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Über dieses Buch

This book results from various lectures given in recent years. Early drafts were used for several single semester courses on singular perturbation meth­ ods given at Rensselaer, and a more complete version was used for a one year course at the Technische Universitat Wien. Some portions have been used for short lecture series at Universidad Central de Venezuela, West Vir­ ginia University, the University of Southern California, the University of California at Davis, East China Normal University, the University of Texas at Arlington, Universita di Padova, and the University of New Hampshire, among other places. As a result, I've obtained lots of valuable feedback from students and listeners, for which I am grateful. This writing continues a pattern. Earlier lectures at Bell Laboratories, at the University of Edin­ burgh and New York University, and at the Australian National University led to my earlier works (1968, 1974, and 1978). All seem to have been useful for the study of singular perturbations, and I hope the same will be true of this monograph. I've personally learned much from reading and analyzing the works of others, so I would especially encourage readers to treat this book as an introduction to a diverse and exciting literature. The topic coverage selected is personal and reflects my current opin­ ions. An attempt has been made to encourage a consistent method of ap­ proaching problems, largely through correcting outer limits in regions of rapid change. Formal proofs of correctness are not emphasized.



Chapter 1. Examples Illustrating Regular and Singular Perturbation Concepts

Consider a linear spring-mass system with forcing, but without damping, and with a small spring constant. This yields the differential equation
$$ y + \in y = f\left( x \right) $$
for the displacement y(x) as a function of time x, with the small positive parameter ε being the ratio of the spring constant to the mass of the spring. This should be solved on the semi-infinite interval x ≥ 0, with both the initial displacement y(0) and the initial velocity y’(0) prescribed. The traditional approach to solving such initial value problems [cf. Boyce and DiPrima (1986)] is to note that for ε small the homogeneous equation has the slowly varying solutions \( cos\left( {\sqrt \in x} \right) \) and \( sin\left( {\sqrt \in x} \right) \) and to look for a solution through variation of parameters. Specifically, one sets \( y\left( x \right) = v_1 \left( x \right)\cos \left( {\sqrt \in x} \right) + v_2 \left( x \right)\sin \left( {\sqrt \in x} \right) \), where \( v'_1 \cos \left( {\sqrt \in x} \right) + v'_2 \sin \left( {\sqrt \in x} \right) = 0 \) and \( - \sqrt \in v'_1 \sin \left( {\sqrt \in x} \right) + \sqrt \in v'_2 \cos \left( {\sqrt \in x} \right) = f\left( x \right). \) Since \( y\left( 0 \right) = v_1 \left( 0 \right) \) and \( y'\left( 0 \right) = \sqrt \in v_2 \left( 0 \right) \), solving for v’1 and v’2 and integrating provides the unique solution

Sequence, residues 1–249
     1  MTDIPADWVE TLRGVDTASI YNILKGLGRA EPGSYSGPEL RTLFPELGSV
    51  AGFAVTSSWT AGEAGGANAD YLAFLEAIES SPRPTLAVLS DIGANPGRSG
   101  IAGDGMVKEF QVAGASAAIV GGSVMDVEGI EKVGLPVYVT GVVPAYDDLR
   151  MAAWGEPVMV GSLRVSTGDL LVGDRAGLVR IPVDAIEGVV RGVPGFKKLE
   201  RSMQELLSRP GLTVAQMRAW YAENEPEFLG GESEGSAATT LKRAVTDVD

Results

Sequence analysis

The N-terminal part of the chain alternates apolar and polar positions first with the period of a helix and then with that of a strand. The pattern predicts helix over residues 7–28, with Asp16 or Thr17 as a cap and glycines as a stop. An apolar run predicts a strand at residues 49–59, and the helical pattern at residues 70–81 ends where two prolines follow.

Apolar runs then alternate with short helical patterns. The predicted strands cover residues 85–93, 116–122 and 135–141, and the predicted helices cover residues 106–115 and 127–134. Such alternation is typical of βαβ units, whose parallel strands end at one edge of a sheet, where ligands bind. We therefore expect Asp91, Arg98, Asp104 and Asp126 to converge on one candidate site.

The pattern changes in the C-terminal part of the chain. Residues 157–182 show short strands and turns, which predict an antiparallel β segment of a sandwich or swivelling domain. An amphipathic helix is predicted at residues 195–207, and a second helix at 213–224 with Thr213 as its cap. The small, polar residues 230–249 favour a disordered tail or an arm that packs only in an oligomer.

$$ \begin{array}{*{20}c} {y(x, \in ) = y(0)\cos \left( {\sqrt \in x} \right) + \frac{1} {{\sqrt \in }}y'(0)\sin (\sqrt \in x)} \\ { - \frac{1} {{\sqrt \in }}\cos (\sqrt { \in x} )\int_0^x {\sin } (\sqrt \in t)f(t)dt} \\ { + \frac{1} {{\sqrt \in }}\sin (\sqrt \in x)\int_0^x {\cos (\sqrt \in t)f(t)dt.} } \\ \end{array} $$
Robert E. O’Malley

Chapter 2. Singularly Perturbed Initial Value Problems

Readers should refer to Murray (1977) and to earlier chemical engineering literature [especially Bowen et al. (1963) and Heinekin et al. (1967)] for experts’ explanations of the significance of the pseudo-steady-state hypothesis in biochemistry. The theory of Michaelis and Menton (1913) and Briggs and Haldane (1925) concerns a substrate S being converted irreversibly by a single enzyme E into a product P. There is also an intermediate substrate-enzyme complex SE. Since the back reaction is negligible, we shall systematically write
$$S + E\begin{array}{*{20}{c}} {{{k}_{1}}} \\ \to \\ \leftarrow \\ {{{k}_{{ - 1}}}} \\ \end{array} SE\xrightarrow{{{{k}_{2}}}}P + E. $$
Robert E. O’Malley

Chapter 3. Singularly Perturbed Boundary Value Problems

Consider the two-point problem εy+a(x)y+b(x)y=f(x) on 0≤x≤1 where a(x)>0 and with the boundary values y(0) and y(1) prescribed. We shall suppose that a, b, and f are arbitrarily smooth, and we shall prove that the asymptotic solution will exist, be unique, and have the form
$$y\left( {x,\varepsilon } \right) = Y\left( {x,\varepsilon } \right) + \xi \left( {x/\varepsilon,\varepsilon } \right) $$
where the outer expansion Y(x, c) has a power series expansion
$$Y\left( {x,\varepsilon } \right) \sim \sum\limits_{j = 0}^\infty {{Y_j}\left( x \right){\varepsilon ^j}} $$
and the initial layer correction \(\xi \left( {\tau,\varepsilon } \right) \) has an expansion
$$\xi \left( {\tau , \in } \right)\sim \sum\limits_{{j = 0}}^{\infty } {{{\xi }_{j}}\left( \tau \right){{ \in }^{j}}} $$
such that each ξj(and its derivatives) will tend to zero as the stretched variable \(\tau = x/\varepsilon \) tends to infinity. We shall base our proof on the existence of both a smooth asymptotic solution of the differential equation and of a (linearly independent) asymptotic solution which features an initial layer of nonuniform convergence near x = O. Recognizing that the asymptotic solution is an additive composite function of the slow “time” x and the fast time x/E generalizes to multitime expansions in many asymptotic contexts [cf. Nayfeh (1973) and, especially, Kevorkian and Cole (1981).
Robert E. O’Malley


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